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Press release on the launch of the EAT-Lancet Commission Report on Healthy Diets from Sustainable Food Systems (Geneva, 28 March 2019)

Date:

03/22/2019


Press release on the launch of the EAT-Lancet Commission Report on Healthy Diets from Sustainable Food Systems (Geneva, 28 March 2019)

Next March 28th, a presentation of the EAT-Lancet Commission Report on “Healthy Diets from Sustainable Food Systems” will take place at the Palais des Nations in Geneva, sponsored by the World Health Organization.

Eat-Lancet Commission Report on Healthy Diet from Sustainable Food Systems

We believe that the World Health Organization should not have anything to do with this initiative, and here we are explaining why.

 

What is the EAT-Lancet Report?

EAT describes itself as “a global, non-profit startup dedicated to transforming our global food system through sound science, impatient disruption and novel partnerships”.

The report calls for a new globalized food production and consumption system, urging for a centralized control of our dietary choices. By reintroducing and enforcing the controversial and non-scientific distinction between “healthy and unhealthy foods”, the EAT-Lancet Commission “quantitively describes a universal healthy reference diet, based on an increase in consumption of healthy foods (such as vegetables, fruits, whole grains, legumes, and nuts), and a decrease in consumption of unhealthy foods (such as red meat, sugar, and refined grains)”. The prescription looks very close to a vegetarian/vegan diet.

 

Who produced the Report?

The EAT-Lancet Report has been produced by a Commission of 37 members, who participate as independent experts.

Critics however were raised on the actual independence of the Commission, in light of the links of the initiative with important financial and economic organizations: EAT-Forum was in fact founded by the Stordalen Foundation, that it is funded, among other entities, by the Wellcome Trust. One of the main EAT partnerships is with FReSH (Food Reform for Sustainability and Health), one of the key initiatives by the World Business Council for Sustainable Development (WBCSD), which brings together some of the biggest corporations in the food, bio-tech, pharmaceutical and chemical sectors.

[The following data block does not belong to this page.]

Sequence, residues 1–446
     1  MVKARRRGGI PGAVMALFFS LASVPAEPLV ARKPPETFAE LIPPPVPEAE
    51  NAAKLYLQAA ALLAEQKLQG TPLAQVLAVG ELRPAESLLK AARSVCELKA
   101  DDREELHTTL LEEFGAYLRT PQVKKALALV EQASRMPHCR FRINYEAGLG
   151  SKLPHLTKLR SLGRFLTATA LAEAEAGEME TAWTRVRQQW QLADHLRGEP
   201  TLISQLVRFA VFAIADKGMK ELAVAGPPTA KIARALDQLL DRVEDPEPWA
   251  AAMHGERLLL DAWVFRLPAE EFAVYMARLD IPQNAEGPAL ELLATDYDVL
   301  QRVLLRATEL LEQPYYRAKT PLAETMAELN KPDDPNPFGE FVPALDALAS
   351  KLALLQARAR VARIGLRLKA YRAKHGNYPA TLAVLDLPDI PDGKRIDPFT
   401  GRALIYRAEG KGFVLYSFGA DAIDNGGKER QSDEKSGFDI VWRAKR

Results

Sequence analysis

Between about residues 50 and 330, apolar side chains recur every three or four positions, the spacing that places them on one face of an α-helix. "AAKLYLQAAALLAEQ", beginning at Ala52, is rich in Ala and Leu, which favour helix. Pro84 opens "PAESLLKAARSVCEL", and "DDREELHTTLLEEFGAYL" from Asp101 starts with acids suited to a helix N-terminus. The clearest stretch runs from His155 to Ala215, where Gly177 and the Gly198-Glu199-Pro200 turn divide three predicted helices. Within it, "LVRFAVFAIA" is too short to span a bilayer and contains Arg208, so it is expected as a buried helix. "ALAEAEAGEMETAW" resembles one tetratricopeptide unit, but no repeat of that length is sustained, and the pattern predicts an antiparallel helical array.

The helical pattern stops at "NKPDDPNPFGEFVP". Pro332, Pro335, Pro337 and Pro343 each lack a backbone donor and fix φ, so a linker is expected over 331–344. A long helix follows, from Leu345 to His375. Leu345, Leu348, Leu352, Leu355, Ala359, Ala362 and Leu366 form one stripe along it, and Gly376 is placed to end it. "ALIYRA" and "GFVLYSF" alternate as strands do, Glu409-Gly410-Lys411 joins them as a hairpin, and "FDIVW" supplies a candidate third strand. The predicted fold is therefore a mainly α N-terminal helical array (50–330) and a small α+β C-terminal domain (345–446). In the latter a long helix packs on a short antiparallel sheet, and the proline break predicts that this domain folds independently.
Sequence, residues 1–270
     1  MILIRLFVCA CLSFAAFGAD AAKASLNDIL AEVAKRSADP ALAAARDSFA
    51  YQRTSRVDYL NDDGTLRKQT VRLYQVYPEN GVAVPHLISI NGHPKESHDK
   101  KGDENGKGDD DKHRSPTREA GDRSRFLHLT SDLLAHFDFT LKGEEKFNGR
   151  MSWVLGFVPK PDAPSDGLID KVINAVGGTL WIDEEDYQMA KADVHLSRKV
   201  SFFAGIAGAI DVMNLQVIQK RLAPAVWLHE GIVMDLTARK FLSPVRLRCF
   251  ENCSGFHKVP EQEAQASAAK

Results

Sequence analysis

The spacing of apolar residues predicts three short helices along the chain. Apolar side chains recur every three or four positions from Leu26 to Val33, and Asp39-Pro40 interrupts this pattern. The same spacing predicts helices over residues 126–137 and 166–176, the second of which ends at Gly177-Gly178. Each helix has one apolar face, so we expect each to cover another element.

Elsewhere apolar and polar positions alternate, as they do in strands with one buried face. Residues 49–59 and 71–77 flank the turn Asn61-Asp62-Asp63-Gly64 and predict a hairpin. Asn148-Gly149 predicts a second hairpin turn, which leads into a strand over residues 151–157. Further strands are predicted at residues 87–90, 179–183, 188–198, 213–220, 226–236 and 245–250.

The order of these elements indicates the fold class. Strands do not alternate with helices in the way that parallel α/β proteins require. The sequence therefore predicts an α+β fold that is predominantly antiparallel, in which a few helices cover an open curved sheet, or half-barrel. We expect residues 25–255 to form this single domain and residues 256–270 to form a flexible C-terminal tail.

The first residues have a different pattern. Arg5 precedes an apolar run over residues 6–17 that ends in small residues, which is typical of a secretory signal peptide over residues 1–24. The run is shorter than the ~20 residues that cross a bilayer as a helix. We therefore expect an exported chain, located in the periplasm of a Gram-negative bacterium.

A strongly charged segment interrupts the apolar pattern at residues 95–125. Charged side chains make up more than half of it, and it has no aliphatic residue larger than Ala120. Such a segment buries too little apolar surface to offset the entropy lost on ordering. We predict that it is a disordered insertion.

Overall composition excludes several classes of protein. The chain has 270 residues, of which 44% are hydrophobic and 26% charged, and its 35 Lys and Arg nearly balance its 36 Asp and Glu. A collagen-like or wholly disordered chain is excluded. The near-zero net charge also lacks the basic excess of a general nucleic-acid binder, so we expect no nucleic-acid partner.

The EAT-Lancet report “acknowledged funding from the Wellcome Trust, including financial support to the secretariat to coordinate collation of the Commission and for travel fares, accommodation, and food for the Commission meetings of the EAT-Lancet Commission” and confirmed that “all authors received funding from EAT and the Wellcome Trust”.

Regrettably, members of the Commission include also high officials of the World Health Organization (WHO) and of the Food and Agriculture Organization (FAO).

 

What is the objective of the EAT-Lancet Commission?

The Commission, through its report, wants to promote a radical transformation of the way we produce and consume food, based on a “global healthy diet reference”. It attracted however strong criticism even just from the nutritional point of view: several nutritionists pointed out how the “reference diet” pictured by the Commission would be deficient in iron, vitamin B12, retinol, vitamin D3, vitamin K2 and sodium (for reference: Harcombe Z, "The EAT Lancet diet is nutritionally deficient").